ISCA member the World Student Games Federation (WSGF) in Canada will stage the World Student Games 2018 in Winnipeg from June 7-10, 2018. Registration is now open for 16 sports for both female and male participants. The Director of the WSGF Ajit Kumar says the event aims to be as inclusive as possible: “The purpose of the event is to spread a worldwide message of student athletes regardless of age, culture, race, language etc. There is no age limit in Student Games because there is no age limit of students,” he says. “We welcome all students of School, College, University, Technical, Vocational, Industrial Trade/Training Academy and Private College/Institution like: Aviation Students, Building Education Students, Banking Students, Corporate Students, Computer Students, Correspondence Students, Diesel/Automotive Students, Distance Education Students, Engineering Students, Finance/Accounting Students, Handyman Trade’s Students (i.e Plumbing, Electric, Refrigeration, Gas Etc.), Hospitality Students, Law Enforcement and Security Students, Leadership Students, Logistics/SCM Students, Medical Science Students, Management Students, Online Education Students, Polytechnic/ITI Students, Vocational Students and various other students.” ISCA is an official supporter of the event, which has been registered with Sport Manitoba, Sport Canada, Immigration Canada, and the Special Events Unit of Immigration (IRCC). You can download the registration form and see the event categories below. Please contact the World Student Games Federation for more information.
    World Student Games in Canada open for registration
  • Active School Communities resources now available online
    The EU-supported Active School Communities project, led by ISCA member BG Be Active and in which ISCA is a partner, has released a series of resources to help community sport organisations break the ice and work with schools on physical activity initiatives inside and outside the school setting. All of the resources are available to download on SlideShare – the links are provided below. Active School Communities Self-Assessment ToolThe self-assessment tool is for sports organisations to evaluate their capacities to work in schools to increase physical activity among young people. Working systematically through the questions in this tool will help organisations assess their current situations, decide on their priorities and set out a route map to reaching their goals. The self-assessment exercise should be led by senior members of a sports organisation who have responsibility for young people and community outreach.Download the tool Active School Communities ToolkitThe comprehensive Active School Communities Toolkit aims to support community sports organisations establish partnerships with schools, whatever their existing level of engagement. Complete beginners will find the level of detail useful, while others may not require so much information but can use the toolkit to assess and improve their current practice.Download the tool Watch the video Active School Communities Action Planning ToolkitThis Action Planning Toolkit will enable a shared understanding of goals and priorities between sports organisations and schools. The toolkit should be used during a conversation with relevant school staff such as heads of physical education or head teachers. It will help to align the priorities of the school and the sports organisation and give them a clear plan for success. Download the tool Watch the video Active School Communities Policy RecommendationsPolicy recommendations for creating Active School Communities. For enabling a generation of school children to practice their human right to MOVE. The policy recommendations promote the Active School Communities model to more sports clubs and schools to drive participation and to gain the support of local, national and EU policy makers.Download the recommendations These resources were developed by the partners of the EU Erasmus+-supported Active School Communities project: BG BeActive (lead), Youth Sport Trust, International Sport and Culture Association (ISCA), Hungarian School Sport Federation (HSSF), DGI, South Lanarkshire Leisure and Culture, Sport and Citizenship, UISP, Sports Union of Slovenia and Willibald Gebhardt Institute.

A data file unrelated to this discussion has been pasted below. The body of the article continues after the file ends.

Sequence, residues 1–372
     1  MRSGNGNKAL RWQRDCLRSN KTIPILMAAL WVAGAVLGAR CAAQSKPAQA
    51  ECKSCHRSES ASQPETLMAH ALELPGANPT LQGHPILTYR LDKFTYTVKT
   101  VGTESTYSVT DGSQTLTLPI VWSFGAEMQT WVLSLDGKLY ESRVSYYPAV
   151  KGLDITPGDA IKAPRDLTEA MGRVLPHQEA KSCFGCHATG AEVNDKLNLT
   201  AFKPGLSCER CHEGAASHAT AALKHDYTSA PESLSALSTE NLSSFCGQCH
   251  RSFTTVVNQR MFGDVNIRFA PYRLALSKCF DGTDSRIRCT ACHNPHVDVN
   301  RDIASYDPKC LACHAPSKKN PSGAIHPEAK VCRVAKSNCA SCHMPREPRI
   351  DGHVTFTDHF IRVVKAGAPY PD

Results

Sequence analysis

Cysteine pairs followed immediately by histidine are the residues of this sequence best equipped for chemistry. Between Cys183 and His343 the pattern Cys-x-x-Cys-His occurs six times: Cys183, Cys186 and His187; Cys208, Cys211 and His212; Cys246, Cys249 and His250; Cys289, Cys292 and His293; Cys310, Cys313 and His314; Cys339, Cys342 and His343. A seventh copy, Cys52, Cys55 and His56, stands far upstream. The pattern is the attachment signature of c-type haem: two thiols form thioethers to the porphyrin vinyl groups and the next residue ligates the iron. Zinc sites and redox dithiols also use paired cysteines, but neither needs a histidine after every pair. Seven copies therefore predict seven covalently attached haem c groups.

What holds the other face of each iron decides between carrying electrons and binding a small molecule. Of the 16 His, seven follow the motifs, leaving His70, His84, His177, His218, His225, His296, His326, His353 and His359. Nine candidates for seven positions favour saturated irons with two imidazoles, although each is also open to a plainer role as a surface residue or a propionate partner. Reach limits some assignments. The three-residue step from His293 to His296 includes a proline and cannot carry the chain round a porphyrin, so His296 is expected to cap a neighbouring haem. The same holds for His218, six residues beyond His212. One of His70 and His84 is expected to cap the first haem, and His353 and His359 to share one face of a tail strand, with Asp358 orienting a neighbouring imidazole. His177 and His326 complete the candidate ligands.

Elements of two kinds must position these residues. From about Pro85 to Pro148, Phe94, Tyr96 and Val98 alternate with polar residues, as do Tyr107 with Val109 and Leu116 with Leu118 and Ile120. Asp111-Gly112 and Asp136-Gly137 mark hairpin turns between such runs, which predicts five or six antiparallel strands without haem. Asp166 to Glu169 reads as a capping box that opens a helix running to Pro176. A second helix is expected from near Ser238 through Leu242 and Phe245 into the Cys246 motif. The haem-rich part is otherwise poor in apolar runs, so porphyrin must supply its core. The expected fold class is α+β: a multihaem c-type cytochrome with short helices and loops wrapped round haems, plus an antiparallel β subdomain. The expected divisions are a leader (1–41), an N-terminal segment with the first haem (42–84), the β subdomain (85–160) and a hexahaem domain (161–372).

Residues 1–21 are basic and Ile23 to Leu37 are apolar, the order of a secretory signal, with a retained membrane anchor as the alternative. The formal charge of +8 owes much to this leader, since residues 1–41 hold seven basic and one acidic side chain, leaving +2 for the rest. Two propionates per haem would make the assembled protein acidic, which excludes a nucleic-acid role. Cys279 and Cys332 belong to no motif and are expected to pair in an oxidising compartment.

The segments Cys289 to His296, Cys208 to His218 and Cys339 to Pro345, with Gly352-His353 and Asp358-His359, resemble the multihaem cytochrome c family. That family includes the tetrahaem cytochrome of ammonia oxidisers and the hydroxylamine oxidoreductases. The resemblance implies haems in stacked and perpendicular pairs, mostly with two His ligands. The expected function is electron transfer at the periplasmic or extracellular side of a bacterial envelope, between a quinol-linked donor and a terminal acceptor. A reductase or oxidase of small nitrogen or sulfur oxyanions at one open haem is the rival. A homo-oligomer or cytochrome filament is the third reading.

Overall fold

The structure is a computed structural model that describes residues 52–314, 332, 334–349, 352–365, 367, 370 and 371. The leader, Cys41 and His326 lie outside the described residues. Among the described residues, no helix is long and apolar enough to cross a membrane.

Active School Communities resources now available online
  • S2A Sport project partners ready to launch new resources on sport administration